Relentless Coding

A Developer’s Blog

Tutorial Rapid GUI Development With Qt Designer and PyQt

Confession: I am the opposite of the lazy coder. I like doing things the hard way. Whether it’s developing Java in Vim without code completion, running JUnit tests on the command line (don’t forget to specify all 42 dependencies in the colon-separated classpath!), creating a LaTeX graph that looks “just right”, or writing sqlplus scripts instead of using SQL Developer (GUIs are for amateurs), I always assumed that doing so would make me a better programmer.

So when I was just a fledgling programmer, and I had to design and create some dialog windows for a side project of mine (an awesome add-on to AnkiSRS written in Python and Qt), I did what I always do: find a good resource to learn PyQt and then code everything by hand. Now, since Python is a dynamic language and I used to develop this add-on in Vim, I had no code completion whatsoever, and only the Qt documentation and that tutorial to go by. Making things even more interesting, is that the documentation on Qt is in C++, and is full of stuff like this:

Qt documentation with very readable C++ code for the Python

Obviously, I had no idea what all the asterisks and ampersands meant and had to use good-old trial and error to see what would stick in Python. Now, on the plus side, I experimented quite a lot with the code, but not having code completion makes it really hard to learn the API. (And even now, using PyCharm, code completion will not always work, because of Python being a dynamically-typed language and all. I am still looking at the Qt documentation quite a bit.)

One thing I noticed, though, is that the guy who develops Anki, Damien Elmes, had all these .ui files lying around, and a bunch more files that read: “WARNING! All changes made to this file will be lost!”. Ugh, generated code! None of the dedicated, soul-cleansing and honest hard work that will shape you as a software developer. It goes without saying I stayed far away from that kind of laziness.

It took me some time to come around on this. One day, I actually got a job as a professional software developer and I had much less time to work on my side-projects. So, when I wanted to implement another feature for my Anki add-on, I found I had too little time to do it the old-fashioned way, and decided to give Qt Designer a go. Surprisingly, I found out it can actually help you tremendously to learn how Qt works (and also save you a bunch of time). Qt Designer allows you to visually create windows using a drag-and-drop interface, then spews out an XML representation of that GUI, which can be converted to code. That generated code will show you possibilities that would have taken a long time and a lot of StackOverflowing to figure out on your own.

So, to help other people discover the wonders of this program, here is a little tutorial on how to do RAD and how to get a dialog window up and running with Qt Designer 4 and Python 3.


First, we need to install Qt Designer. On Arch Linux, it’s part of the qt4 package and you’ll also need python-pyqt4 for the Python bindings. (On Ubuntu, you have to install both qt4-designer and the python-qt4 packages.)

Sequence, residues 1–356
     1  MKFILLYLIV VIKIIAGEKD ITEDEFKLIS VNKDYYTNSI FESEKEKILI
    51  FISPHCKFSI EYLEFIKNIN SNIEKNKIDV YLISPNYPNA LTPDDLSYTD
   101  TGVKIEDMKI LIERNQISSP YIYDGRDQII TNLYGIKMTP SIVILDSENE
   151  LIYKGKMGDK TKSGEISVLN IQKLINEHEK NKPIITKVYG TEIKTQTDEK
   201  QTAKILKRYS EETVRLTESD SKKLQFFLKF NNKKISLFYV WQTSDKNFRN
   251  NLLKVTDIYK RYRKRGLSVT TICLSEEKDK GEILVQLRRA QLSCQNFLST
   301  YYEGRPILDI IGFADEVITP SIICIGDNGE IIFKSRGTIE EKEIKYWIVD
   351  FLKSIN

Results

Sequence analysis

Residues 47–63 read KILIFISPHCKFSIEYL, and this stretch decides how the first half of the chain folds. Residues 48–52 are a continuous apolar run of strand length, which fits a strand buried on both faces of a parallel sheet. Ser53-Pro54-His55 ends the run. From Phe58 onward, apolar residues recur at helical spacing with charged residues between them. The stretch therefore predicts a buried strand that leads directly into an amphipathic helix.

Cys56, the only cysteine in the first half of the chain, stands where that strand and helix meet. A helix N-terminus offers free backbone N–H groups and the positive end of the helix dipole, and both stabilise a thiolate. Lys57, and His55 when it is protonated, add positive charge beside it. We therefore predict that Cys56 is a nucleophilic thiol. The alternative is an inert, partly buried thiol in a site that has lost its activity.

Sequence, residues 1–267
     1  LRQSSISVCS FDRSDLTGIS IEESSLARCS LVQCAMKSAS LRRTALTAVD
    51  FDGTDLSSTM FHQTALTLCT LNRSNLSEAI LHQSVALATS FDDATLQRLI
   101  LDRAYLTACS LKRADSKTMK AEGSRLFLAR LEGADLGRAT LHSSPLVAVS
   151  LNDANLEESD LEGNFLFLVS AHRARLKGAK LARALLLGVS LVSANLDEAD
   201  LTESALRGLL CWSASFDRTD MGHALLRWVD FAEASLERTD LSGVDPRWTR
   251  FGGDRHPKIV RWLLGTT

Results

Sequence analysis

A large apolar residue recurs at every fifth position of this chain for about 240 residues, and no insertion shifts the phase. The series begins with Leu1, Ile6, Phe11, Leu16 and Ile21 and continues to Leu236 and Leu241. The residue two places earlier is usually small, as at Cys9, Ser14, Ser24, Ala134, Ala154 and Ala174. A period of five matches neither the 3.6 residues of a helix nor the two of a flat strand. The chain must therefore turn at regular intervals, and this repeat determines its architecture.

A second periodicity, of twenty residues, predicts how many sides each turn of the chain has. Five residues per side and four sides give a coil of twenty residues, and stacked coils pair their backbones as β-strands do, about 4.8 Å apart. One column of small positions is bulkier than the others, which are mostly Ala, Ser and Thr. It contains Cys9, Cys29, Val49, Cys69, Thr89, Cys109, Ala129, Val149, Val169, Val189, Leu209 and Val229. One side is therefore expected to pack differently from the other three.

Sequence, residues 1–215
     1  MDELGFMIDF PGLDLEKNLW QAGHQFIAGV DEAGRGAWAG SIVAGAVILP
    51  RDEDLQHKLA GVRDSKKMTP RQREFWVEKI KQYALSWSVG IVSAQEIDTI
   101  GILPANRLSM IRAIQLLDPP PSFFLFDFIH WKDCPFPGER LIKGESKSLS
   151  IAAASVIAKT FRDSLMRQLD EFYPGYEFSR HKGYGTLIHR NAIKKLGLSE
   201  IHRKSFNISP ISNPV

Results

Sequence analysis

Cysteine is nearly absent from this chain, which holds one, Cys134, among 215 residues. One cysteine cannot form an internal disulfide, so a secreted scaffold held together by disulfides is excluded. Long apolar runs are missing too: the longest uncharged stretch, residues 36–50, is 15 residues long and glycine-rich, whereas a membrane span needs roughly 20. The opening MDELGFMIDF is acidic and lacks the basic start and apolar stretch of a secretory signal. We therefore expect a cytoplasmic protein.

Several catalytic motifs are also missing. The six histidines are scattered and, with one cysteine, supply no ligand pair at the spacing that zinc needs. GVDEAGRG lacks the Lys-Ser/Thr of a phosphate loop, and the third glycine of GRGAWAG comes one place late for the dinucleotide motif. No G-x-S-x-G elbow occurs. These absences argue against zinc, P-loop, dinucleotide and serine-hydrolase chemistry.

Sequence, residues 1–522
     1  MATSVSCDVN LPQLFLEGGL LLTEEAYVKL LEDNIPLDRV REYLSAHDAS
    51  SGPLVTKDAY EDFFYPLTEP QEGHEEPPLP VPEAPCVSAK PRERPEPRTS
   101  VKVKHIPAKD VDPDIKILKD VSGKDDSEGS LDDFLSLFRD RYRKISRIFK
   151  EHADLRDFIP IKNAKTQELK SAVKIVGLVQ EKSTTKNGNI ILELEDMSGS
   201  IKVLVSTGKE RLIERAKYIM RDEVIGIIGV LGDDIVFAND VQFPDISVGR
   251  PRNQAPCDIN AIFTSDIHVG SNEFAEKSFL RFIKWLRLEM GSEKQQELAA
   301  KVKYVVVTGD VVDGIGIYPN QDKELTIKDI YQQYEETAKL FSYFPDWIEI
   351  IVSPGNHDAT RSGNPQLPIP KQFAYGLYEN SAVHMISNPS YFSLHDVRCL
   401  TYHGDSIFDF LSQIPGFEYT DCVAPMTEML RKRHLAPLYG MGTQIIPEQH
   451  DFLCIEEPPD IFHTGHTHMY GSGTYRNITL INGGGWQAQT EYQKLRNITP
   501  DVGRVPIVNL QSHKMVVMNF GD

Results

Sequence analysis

Our goal

Our goal is to create a simple dialog window that has a text input field where we can type our name, and have a label that will display “Hello there, $userName”. Yes, things will be that exciting. Along the way, we will learn how to assign emitted signals to slots and how to handle events.

Creating a dialog

Fire up Qt Designer, and you will be presented with a “New form” dialog (if you do not see it, go to File > New…).

Qt Designer’s “new form”

For this tutorial, we are going to choose a fairly small “Dialog with Buttons Bottom”:

The main window of Qt

To the left are the widgets that we can add to our freshly created dialog, to the right, from top to bottom, we see the currently added widgets, the properties of those widgets and the signals and slots currently assigned to the dialog window.

I’m going to add a text label and a so-called line editor to our widget. To make sure they will align nicely, I will put them together in a horizontal container, a QHBoxLayout:

A horizontal box layout with a text label and a line

In the object inspector, we can see the hierarchy of added widgets:

The object-inspector

This is all simple drag-and-drop: we select a widget from the left pane, drag it to the desired location in the dialog and release the mouse.

Finally, we add two more label: one at the top, instructing the user what to do, and a second one near the bottom, where we soon will display our message.

Two more text labels.

Qt Designer provides an easy way to connect signals to slots. If you go to Edit > Edit Signals/Slots (or press F4) you will be presented with a graphical overview of the currently assigned signals and slots. When we start out, the button box at the bottom already emits two signals: rejected and accepted, from the Cancel and Ok button respectively:

The signals and slots of the button

The signals rejected() and accepted() are emitted when the cancel and OK buttons are clicked respectively, and the ground symbols indicate the object that is interested in these signals: in this case the dialog window itself. Signals are handled by slots, and so the QDialog will need to have slots for these signals. The slots (or handlers) are named reject() and accept() in this instance, and since they are default slots provided by Qt, they already exist in QDialog, so we won’t have to do anything (except if we want to override their default behavior).